The other day, I had a group of IT savvy people in the room talking about ProWork. We did a follow-up on a training I did with them a month earlier. I was amazed by the level of thought and commitment they had put in over the month to get started with ProWork and build a system for themselves around it. Most amazing though was the inconsistency of choice how the system would look like!

Let me elaborate: All of them used Lotus Notes as their email and calendar management system by default. However, only half of the group had chosen to build their ProWork system in Notes. The other half picked either Web2.0 apps or paper based system.

Also within the Notes fraction, some people opted to work with next actions within tasks and the other half used annotations to the original email and saved these in subfolder named after categories in the email inbox for later processing.

Quite interesting. Here we have a group of 20 tech-savvy people, not being able to find a consistent method for implementing ProWork, or?
No. Let’s break it down. What is the “End Game” using ProWork?
1) Get everything out of your head
2) Make all your next actions visible in one place

Dependent on whom you are and how you work, you will come to understand, especially when you train and coach so many people as I do, that ProWork is a method, not any ONE special App or system of sorts. The “end game” is always the same, but the implementations’ will vary a lot between individuals.

Some people in the group needed sync and could only achieve this by using Notes Tasks as their list manager to make all next actions available on their Smart Phones.

Some people worked stationary (task workers) and only used a PC at their desk, most of the time. For them the original email is more important than breaking down projects into tasks and next action steps, hence the simple solution to build @category subfolders in the in-box and just annotate the email in the subject line with a due date, to make sort by date possible.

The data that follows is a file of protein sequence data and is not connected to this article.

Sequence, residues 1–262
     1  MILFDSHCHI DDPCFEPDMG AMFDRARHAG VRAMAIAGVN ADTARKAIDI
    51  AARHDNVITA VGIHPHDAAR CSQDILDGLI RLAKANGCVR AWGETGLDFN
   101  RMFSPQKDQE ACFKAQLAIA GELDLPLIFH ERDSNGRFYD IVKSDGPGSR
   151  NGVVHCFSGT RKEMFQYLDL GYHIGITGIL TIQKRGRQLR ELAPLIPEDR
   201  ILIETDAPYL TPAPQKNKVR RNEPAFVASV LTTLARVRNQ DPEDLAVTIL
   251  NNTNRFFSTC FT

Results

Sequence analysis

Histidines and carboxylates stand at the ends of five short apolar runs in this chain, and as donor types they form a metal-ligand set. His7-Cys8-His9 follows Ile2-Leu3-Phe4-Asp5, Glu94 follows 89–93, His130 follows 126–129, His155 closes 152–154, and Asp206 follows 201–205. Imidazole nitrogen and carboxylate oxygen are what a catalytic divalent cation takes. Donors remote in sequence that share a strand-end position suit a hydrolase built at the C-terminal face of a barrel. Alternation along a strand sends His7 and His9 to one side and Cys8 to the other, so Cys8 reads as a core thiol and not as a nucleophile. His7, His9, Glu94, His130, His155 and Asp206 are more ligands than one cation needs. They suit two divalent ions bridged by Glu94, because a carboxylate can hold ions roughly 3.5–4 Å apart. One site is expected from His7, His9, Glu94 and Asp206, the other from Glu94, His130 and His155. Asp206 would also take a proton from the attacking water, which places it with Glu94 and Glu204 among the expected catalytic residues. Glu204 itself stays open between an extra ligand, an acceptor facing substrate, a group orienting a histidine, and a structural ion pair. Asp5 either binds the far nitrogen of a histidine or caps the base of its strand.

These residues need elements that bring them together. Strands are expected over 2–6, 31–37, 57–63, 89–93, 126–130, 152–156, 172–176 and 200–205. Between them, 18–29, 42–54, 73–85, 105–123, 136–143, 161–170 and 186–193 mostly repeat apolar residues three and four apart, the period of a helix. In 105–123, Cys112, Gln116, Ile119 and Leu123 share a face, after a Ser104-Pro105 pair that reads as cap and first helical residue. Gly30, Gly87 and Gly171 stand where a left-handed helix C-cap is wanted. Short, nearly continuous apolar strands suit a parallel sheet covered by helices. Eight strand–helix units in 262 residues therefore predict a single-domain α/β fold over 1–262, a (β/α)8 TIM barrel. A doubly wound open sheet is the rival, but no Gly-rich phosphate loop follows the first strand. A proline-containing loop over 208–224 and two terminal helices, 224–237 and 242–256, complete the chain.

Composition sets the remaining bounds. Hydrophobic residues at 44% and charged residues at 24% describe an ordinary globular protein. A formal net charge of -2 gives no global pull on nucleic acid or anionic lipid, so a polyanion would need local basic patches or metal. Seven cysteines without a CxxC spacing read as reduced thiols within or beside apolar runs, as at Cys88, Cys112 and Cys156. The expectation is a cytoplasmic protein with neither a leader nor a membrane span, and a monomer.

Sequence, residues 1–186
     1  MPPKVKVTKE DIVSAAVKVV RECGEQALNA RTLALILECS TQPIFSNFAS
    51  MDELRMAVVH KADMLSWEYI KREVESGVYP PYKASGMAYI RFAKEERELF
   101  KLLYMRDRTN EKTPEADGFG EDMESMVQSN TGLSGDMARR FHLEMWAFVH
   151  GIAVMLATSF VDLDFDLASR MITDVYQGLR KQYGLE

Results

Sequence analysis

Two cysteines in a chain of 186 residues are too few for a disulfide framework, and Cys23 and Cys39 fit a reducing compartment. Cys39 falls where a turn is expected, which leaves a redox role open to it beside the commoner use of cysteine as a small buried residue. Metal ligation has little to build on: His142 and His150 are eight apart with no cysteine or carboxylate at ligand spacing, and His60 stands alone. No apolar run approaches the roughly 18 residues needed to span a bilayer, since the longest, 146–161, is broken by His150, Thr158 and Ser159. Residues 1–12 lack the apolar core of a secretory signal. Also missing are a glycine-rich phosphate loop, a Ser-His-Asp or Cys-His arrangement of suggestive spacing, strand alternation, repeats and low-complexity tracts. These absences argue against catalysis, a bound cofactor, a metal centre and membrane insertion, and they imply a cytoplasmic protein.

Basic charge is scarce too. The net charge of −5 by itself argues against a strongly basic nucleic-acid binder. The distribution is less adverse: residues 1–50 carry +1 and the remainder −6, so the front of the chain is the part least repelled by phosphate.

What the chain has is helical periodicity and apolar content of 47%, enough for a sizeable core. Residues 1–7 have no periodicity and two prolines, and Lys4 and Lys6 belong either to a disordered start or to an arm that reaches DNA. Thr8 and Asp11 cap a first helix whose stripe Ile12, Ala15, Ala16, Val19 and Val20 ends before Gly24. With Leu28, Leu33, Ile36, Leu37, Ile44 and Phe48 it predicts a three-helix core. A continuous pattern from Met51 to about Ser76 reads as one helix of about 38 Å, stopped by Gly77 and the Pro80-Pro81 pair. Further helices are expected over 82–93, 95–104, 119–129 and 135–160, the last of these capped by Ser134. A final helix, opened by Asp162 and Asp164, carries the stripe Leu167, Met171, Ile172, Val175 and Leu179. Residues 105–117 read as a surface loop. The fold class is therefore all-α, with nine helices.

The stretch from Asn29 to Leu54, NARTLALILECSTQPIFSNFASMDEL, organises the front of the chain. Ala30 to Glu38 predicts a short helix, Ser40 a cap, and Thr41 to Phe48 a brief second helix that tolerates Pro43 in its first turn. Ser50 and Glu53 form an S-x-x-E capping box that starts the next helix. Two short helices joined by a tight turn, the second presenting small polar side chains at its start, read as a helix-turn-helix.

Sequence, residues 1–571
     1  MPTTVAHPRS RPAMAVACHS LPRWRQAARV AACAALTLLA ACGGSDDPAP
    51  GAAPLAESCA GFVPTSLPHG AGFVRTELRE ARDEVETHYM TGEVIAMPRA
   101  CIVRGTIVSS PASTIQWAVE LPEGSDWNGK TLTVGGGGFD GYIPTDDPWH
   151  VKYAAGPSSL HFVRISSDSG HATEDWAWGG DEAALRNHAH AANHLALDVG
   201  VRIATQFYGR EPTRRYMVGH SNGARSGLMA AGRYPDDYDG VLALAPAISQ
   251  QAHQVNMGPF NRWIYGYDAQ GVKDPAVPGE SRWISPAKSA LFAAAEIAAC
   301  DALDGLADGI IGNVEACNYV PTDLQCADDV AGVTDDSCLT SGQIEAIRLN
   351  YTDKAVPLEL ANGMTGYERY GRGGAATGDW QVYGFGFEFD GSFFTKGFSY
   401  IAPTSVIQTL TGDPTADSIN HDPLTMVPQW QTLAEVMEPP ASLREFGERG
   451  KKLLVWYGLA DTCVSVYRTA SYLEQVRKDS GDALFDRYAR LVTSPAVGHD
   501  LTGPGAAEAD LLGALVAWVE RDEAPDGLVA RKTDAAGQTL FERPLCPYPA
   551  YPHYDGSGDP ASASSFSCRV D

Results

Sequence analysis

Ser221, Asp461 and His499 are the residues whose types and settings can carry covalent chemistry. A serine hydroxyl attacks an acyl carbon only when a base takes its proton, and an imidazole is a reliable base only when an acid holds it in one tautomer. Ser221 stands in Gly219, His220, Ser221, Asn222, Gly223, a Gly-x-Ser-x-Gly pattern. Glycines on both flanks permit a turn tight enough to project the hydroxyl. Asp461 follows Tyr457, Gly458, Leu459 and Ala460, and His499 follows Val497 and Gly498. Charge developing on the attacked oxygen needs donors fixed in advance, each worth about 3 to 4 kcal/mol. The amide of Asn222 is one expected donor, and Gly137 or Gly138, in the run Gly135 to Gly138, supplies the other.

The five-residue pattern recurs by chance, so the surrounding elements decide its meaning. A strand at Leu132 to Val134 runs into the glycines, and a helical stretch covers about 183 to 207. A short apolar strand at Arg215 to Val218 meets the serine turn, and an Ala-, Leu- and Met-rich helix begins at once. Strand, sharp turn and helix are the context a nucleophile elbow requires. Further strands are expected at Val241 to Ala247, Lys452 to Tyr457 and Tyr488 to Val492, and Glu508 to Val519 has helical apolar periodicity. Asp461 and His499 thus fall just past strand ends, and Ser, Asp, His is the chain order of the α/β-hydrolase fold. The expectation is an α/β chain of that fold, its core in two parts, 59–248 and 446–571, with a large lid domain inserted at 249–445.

Some people worked in up to 4 different systems on a daily basis, such as Notes, CRM, Lead Management and BI Systems, each with its own set of defined tasks and projects. No one system was sufficient for collecting tasks in; hence either a web2.0 App or paper based system to make it all available in one place.

Some people found themselves in different combinations of the above, and could not sync to their Smart Phones but needed availability on the move, so paper based was at the end the only choice.

What I learned from the group, and themselves amongst each other, was to stay focused on the “end game” and find the best mix of tools for you to reach that objective with a minimum of effort.

Even if this way an IT company, we clearly experienced the limits of collaboration and interconnectivity between various systems making a holistic approach to ProWork almost impossible. Sometimes paper is the only way to go and even though there’s a plethora of various approaches to ProWork out there, within the Enterprise, it is still in issue of IT working against us, not for us!

Göran Askeljung

About Göran Askeljung

Prof. (op) Göran Askeljung is also the author of BrainRead – Effective Speed Reading and Director and Senior Trainer at immediate effects. Since 2015 Göran is also a Certified Facilitator und Associate of Consensus in NY, MD of Consensus Austria and Germany and Business Consultant at Göran is Professor of Practise and Head of the Institute for Sales and Negotiations at the Georgian School of Management (GSOM). He is a member of the Board of Directors for the Swedish Chamber of Commerce in Austria. Göran is a consultant for The Forum Corporation (UK), eBda (Fr) und Napier Training Associates (UK) and is a Certified Solution Selling® Professional from the SPI University in USA. Göran is also a certified Microsoft Solutions Sales Expert (MSSE) and is an associate lecturer at the Economical University of Vienna, the University of Vienna and the University of Graz in Austria. Having lived in Austria since 1990, Göran has held positions as MD for Microsoft Networks (MSN) in Austria, Framfab and Icon Medialab, as well as various Management positions at Ericsson, T-Systems and Konica Minolta. As a Sales- and Productivity expert, Göran is passionate about developing sustainable efficiency through interactive and well-designed learning experiences. His compassion about his expertise comes from experience as a business owner and through many years in Management. Since 2003 he has built his own L&D business in Austria, designed and developed L&D programs and facilitated for many thousands of people. Göran is married and has two children. Social Media Links: Oxford Encyclopedia | LinkedIn | XING